Fact is, my wife and I have fewer problems with our breathing after time in the shop, now that we have a Oneida dust collector. We used to get mildly ill from inhaling the wood dust, and now we don't. Plus there's less cleanup to do, but that's a nit.
You only have to look at a ray of sunlight shing thrrough the air in the shop to see the difference.
So should I beleive this anonymous USENET post, or the undeniable evidence of our own first-hand exeprience ? Gee, let me think ...
--
Dennis M. O'Connor snipped-for-privacy@primenet.com



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LP wrote:

Sorry, I disagree. I worked below sea level. So what? Well, the job site was Homestake Gold Mine, Lead, South Dakota, about 1 mile above sea level. The Lead / Deadwood cemetaries are filled with miners who died in their 30's to 50's because they filled their lungs with dust and died of silicosus. Before we were allowed in the mine we had to go though 40 hours of classroom training that emphasized safety. No reason to die young if you don't have to.
IIRC, the cilia of the respitory system are responsible for getting junk out of the lungs. But if the particles are too small, or too sharp and dig into the lung tissue, the cilia can't do anything about it. The cilia are little itsy-bitsy hairs that bring the lung-junk up to the back of your throat where you can either swallow (especially if you're asleep) or hack and spit it up. If the particles are too small for the cilia to grab, you slowly and steadily loose square feet of lung surface area where the critical and magical CO2 -- O2 exchange takes place.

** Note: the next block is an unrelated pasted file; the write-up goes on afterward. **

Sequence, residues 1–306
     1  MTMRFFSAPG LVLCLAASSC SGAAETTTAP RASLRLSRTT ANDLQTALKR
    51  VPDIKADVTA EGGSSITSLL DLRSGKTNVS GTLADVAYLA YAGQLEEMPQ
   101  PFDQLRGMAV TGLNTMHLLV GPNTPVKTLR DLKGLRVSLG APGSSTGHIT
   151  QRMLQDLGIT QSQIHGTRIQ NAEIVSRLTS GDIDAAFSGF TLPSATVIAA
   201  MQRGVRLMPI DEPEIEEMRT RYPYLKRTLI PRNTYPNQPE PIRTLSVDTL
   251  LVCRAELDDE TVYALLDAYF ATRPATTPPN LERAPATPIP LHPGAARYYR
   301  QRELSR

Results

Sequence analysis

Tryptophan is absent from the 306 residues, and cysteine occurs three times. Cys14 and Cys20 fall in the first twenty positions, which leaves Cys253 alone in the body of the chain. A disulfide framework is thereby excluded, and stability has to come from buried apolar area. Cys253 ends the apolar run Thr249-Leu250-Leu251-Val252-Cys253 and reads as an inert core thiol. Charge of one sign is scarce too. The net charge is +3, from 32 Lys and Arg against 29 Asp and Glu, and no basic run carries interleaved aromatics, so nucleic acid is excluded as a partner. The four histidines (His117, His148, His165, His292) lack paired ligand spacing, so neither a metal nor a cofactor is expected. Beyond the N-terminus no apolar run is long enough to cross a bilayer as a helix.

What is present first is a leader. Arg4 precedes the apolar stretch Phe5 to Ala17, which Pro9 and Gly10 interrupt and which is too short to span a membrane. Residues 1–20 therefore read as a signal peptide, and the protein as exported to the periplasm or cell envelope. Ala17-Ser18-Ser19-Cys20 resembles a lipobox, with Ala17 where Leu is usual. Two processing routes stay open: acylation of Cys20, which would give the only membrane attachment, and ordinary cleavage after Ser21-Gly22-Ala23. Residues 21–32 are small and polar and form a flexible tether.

(Again, IIRC) By the time you're 19 years old your lungs have all the surface area they will ever have. Fill them with silica and asbestos particles which "dig in" or small particles (from tobacco or wood dust) that can't be removed by the cilia and your health will suffer because there isn't enough usable lung surface are for CO2 - O2 exchange to service the O2 needs of the body. Individual cells of the body die -- heart cells, muscle cells, lung cells, liver cells, brain cells -- and eventually *you* die.